Brazilian Superior Court Of Justice Rules That Arbitration Clauses Cannot Be Dismissed By Consumer Protection Code

Author:Mr Gustavo Fernandes de Andrade, João Marçal Martins, Gustavo Scheffer Da Silveira and Maria Rita Dutra
Profession:Tauil & Chequer
 
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An arbitration clause cannot be dismissed by the rules of the Consumer Protection Code (CDC), and arbitral tribunals must rule on the validity of the arbitration agreement prior to a Brazilian judicial court under the Kompetenz-Kompetenz principle.

This was the recent ruling of the Third Panel of the Brazilian Superior Court of Justice (STJ) in a special appeal (REsp 1.598.220) filed by Sonangol Hidrocarbonetos Brasil Ltda. (Sonangol) against TPG Indústria e Comércio Ltda. - Me (TPG). Sonangol prevailed, confirming the validity of the arbitration clause entered into between the parties—and the pro-arbitration stance of the STJ.

The case involved the question of whether an arbitration agreement could be directly dismissed by Brazilian courts by an analogical application of the CDC.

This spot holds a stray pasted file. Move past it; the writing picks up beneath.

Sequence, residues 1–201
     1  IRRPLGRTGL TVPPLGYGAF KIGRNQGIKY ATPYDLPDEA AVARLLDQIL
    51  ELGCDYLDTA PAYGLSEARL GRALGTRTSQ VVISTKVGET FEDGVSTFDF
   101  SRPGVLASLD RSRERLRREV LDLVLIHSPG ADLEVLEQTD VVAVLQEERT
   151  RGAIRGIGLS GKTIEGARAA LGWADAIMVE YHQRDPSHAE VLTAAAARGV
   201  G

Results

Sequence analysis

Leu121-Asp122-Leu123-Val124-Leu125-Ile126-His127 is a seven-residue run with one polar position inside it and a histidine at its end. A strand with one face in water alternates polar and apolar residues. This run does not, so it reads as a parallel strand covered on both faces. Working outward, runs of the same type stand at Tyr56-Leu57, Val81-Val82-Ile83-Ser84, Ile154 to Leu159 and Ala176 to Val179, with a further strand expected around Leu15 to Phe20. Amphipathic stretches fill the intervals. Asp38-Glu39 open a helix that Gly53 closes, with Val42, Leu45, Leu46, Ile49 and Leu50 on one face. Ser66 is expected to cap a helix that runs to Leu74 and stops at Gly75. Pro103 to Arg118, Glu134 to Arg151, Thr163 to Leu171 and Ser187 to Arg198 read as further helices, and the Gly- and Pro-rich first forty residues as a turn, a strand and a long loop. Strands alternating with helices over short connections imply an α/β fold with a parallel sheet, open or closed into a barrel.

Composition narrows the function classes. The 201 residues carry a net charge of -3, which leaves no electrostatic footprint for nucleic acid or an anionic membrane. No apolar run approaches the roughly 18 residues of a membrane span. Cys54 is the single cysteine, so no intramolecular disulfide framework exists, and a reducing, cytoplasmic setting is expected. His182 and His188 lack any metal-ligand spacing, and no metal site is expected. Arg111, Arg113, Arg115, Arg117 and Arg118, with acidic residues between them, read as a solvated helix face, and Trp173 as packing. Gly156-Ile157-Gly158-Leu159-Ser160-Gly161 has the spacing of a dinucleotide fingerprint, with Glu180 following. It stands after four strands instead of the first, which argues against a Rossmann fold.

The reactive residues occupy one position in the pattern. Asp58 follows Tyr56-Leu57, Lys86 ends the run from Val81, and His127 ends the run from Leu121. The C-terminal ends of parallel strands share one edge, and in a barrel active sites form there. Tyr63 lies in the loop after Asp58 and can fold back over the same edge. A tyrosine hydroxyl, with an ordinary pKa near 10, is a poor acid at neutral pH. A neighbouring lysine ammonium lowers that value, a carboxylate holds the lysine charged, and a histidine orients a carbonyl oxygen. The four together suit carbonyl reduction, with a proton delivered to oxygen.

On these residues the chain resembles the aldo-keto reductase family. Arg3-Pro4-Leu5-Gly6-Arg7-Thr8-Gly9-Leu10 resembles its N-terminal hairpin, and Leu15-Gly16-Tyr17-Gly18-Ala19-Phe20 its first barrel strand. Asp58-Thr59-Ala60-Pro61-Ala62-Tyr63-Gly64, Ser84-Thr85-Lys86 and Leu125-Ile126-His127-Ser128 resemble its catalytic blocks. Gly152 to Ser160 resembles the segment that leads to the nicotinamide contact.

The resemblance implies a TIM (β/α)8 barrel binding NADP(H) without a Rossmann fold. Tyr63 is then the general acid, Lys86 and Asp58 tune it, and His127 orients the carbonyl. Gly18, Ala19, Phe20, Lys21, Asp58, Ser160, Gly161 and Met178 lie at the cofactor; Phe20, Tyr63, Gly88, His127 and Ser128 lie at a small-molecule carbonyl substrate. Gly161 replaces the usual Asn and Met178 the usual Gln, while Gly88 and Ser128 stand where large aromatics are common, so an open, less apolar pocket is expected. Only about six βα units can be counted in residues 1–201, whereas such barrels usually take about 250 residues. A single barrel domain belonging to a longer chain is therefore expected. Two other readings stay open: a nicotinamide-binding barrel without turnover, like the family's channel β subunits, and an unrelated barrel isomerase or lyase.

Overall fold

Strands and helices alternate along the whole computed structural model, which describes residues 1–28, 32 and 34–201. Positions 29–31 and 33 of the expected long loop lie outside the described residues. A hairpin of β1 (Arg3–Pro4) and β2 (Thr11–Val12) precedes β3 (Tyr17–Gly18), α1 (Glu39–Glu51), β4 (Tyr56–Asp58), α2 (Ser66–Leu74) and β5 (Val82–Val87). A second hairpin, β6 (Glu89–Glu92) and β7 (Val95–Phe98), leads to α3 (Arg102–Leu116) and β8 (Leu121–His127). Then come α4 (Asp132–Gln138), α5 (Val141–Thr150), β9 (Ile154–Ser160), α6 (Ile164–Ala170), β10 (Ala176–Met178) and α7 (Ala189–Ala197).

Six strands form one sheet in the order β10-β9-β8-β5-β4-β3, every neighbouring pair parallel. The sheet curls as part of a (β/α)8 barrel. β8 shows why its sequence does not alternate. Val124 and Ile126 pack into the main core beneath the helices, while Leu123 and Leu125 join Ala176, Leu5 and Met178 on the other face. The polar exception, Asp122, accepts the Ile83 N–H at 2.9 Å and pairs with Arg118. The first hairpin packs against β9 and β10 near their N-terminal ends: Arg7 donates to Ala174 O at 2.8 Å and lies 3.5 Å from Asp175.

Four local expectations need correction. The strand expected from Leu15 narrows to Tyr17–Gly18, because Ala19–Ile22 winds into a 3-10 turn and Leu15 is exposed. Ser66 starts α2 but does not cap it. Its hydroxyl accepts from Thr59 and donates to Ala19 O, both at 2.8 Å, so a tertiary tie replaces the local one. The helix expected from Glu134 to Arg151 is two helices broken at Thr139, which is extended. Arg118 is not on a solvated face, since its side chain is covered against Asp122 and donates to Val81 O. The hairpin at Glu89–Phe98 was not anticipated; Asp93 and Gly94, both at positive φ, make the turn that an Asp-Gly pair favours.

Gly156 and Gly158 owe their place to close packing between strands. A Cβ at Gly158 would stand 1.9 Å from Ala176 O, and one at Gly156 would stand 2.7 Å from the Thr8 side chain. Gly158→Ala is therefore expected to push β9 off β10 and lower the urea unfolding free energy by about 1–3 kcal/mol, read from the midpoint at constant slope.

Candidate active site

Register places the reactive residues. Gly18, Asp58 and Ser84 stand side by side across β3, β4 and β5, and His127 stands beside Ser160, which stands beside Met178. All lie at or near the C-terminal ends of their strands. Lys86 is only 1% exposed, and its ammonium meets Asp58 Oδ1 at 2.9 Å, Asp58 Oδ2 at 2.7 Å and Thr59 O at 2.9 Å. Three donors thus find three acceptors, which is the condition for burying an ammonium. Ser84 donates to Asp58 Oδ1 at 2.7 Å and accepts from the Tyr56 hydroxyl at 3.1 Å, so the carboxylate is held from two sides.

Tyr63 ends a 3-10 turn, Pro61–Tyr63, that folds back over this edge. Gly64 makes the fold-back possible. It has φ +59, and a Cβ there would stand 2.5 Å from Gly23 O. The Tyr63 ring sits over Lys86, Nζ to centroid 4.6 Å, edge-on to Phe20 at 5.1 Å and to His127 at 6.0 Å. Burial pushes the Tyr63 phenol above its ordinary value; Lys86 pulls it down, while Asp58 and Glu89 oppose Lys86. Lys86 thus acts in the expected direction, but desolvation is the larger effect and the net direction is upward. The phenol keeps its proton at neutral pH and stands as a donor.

In the first-level court, the arbitration agreement contained in the alleged adhesion agreement had been dismissed, as the judge determined that the economic disparity between the parties had undermined the possibility for TPG to agree on favorable contractual conditions. Furthermore, the judge stated that TPG's consent to the arbitration clause could not be presumed.

The Court of Appeals of Rio Grande do Norte had upheld the lower-court decision and applied the CDC rules (in particular, the principle of the economic disparity between a consumer and a company) to dismiss the arbitration clause executed by the parties.

However, the STJ unanimously reversed the lower court decision, stating that state courts are prevented from ruling on the effects of an arbitration agreement under the Kompetenz-Kompetenz principle set out in article 8, sole paragraph, of the Brazilian Arbitration Act, interpreting the principle to mean that any dispute on the validity of the arbitration clause must be resolved by the arbitral tribunal. The STJ said that the lower court decision is "completely contrary to the case law of this Superior Court, which interprets the rule extracted from the sole paragraph of article 8 of the Arbitration Act as binding, therefore derogating from state jurisdiction."

The STJ added that, even though the contract was based on a...

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